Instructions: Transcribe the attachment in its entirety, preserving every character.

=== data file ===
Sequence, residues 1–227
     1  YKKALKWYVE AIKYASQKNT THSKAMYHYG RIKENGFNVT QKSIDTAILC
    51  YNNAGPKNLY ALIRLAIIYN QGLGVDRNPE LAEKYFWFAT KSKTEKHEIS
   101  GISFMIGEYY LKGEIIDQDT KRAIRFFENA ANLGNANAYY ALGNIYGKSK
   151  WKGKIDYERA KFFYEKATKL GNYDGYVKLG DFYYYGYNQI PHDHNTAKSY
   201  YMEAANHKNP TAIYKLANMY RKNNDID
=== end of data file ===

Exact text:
Sequence, residues 1–227
     1  YKKALKWYVE AIKYASQKNT THSKAMYHYG RIKENGFNVT QKSIDTAILC
    51  YNNAGPKNLY ALIRLAIIYN QGLGVDRNPE LAEKYFWFAT KSKTEKHEIS
   101  GISFMIGEYY LKGEIIDQDT KRAIRFFENA ANLGNANAYY ALGNIYGKSK
   151  WKGKIDYERA KFFYEKATKL GNYDGYVKLG DFYYYGYNQI PHDHNTAKSY
   201  YMEAANHKNP TAIYKLANMY RKNNDID